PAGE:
16th Dec '15 9:54:31 PM h27kim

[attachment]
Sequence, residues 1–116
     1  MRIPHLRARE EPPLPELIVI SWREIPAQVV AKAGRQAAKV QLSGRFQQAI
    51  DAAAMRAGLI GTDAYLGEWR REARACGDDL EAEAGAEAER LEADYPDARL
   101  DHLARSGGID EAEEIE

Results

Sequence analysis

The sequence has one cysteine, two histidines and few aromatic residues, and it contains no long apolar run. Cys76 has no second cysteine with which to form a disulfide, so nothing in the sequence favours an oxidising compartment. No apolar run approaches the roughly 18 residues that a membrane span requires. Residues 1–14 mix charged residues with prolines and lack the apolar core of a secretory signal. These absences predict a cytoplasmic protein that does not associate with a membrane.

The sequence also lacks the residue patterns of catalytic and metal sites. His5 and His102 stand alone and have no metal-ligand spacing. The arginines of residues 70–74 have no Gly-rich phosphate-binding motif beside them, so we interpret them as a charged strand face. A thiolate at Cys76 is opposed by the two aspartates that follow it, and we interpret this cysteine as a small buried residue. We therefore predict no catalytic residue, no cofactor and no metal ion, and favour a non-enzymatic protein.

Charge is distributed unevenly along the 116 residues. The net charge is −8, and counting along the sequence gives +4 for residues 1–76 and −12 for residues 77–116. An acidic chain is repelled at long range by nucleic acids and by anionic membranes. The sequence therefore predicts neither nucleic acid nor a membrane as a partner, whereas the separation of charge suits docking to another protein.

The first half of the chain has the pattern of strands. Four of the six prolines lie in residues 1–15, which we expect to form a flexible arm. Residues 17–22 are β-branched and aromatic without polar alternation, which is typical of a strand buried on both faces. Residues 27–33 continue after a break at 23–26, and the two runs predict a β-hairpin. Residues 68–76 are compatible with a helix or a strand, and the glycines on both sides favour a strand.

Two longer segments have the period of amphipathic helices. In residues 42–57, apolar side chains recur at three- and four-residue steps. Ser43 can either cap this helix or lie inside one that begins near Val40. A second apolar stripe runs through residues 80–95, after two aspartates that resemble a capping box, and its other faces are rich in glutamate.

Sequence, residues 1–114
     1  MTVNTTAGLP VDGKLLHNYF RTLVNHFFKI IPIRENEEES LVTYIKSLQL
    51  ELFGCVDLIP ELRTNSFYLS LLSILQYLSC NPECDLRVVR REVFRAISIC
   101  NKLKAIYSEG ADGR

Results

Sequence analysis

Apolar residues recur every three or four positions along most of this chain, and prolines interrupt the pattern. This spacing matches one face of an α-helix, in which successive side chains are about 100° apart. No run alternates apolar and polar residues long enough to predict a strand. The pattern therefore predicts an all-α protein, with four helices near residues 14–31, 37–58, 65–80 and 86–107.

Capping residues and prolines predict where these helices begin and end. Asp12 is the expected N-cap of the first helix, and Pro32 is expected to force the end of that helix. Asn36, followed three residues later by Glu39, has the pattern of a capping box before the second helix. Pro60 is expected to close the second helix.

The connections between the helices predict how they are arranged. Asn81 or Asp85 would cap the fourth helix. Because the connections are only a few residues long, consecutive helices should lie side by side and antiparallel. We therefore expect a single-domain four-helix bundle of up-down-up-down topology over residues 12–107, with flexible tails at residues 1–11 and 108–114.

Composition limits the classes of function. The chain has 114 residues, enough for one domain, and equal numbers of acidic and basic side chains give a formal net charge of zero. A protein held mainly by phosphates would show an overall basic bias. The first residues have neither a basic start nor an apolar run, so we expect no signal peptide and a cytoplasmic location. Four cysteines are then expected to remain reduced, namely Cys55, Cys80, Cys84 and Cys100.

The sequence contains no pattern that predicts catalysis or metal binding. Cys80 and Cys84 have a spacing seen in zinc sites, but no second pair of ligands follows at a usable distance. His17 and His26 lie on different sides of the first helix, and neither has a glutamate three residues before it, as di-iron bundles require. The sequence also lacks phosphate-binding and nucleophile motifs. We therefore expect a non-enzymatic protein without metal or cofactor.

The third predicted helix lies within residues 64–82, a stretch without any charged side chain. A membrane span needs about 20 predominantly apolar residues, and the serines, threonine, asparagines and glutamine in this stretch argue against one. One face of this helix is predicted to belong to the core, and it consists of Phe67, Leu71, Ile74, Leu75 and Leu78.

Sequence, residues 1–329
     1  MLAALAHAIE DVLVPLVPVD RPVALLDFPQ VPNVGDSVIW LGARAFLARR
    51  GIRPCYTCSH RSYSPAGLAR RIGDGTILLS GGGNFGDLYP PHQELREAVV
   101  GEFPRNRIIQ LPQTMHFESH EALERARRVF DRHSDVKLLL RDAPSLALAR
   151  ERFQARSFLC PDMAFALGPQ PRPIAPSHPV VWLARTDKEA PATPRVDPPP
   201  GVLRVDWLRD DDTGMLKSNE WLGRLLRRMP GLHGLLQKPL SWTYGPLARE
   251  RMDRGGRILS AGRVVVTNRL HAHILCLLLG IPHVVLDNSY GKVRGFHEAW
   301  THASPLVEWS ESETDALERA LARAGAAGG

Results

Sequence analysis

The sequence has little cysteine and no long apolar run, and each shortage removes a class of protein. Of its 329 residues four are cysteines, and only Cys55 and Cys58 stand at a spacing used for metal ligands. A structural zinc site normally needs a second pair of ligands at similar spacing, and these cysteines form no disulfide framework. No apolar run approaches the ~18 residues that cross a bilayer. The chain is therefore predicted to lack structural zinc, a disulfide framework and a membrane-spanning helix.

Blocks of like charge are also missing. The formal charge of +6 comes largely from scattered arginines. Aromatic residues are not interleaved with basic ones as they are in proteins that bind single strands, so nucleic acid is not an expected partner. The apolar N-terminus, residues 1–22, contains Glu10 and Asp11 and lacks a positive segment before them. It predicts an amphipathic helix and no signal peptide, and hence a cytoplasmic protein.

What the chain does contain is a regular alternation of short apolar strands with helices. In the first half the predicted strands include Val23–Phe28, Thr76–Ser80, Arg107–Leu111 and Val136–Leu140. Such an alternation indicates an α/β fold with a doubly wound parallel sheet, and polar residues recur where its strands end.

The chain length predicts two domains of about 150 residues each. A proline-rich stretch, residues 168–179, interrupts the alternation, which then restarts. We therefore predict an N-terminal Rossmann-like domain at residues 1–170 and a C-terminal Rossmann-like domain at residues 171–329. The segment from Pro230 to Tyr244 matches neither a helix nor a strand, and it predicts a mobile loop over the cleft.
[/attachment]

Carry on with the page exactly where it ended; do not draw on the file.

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*** Someone who believes in Church doctrine but does not recognize the authority of the Pope is ''schismatic''. The clearest example of this is the Eastern Orthodox church, who agree with Rome on virtually every doctrinal point but disagree on whether Papal authority is legitimate. The status of the "Patriotic" Catholic Church in China is murkier. The communist government of the People's Republic has required Chinese Catholics to disavow the authority of the Pope even as they are allowed to practice their religion while subscribing to more or less the same doctrine as Catholics elsewhere (subject to change under demands by the Chinese government, e.g. on abortion and contraception--that's what the whole "Patriotic" business is about, being willing to bend tenets of their religion to requirements of the government, regardless of what foreigners like the Pope have to say.). Some Catholics consider the Patriotic Catholic Church schismatic, but the Vatican refuses to acknowledge the renunciation and maintains that the Catholic Church in China remains fully Catholic--or, in full communion with Rome, to use Catholic lingo--even if under complicated political circumstances that make formal ties with Vatican difficult and dangerous.[[note]]This makes the life of non-Chinese Catholics in China much easier--every sacrament at a Chinese Catholic church is accepted as valid by the Vatican. The only problems arise when bishops are consecrated at the order of the Chinese government without Vatican recognition, but even then, informal arrangements are usually made nowadays so that they are not truly schismatic except in rare cases. In other words, most bishops in mainland China today are formally appointed by the Chinese state, but are unofficially recognized by the Vatican. By the same token, the only overt persecution of Catholics in China today are directed at the bishops who openly recognize the Pope while disavowing the religious authority of the Chinese government. [[/note]]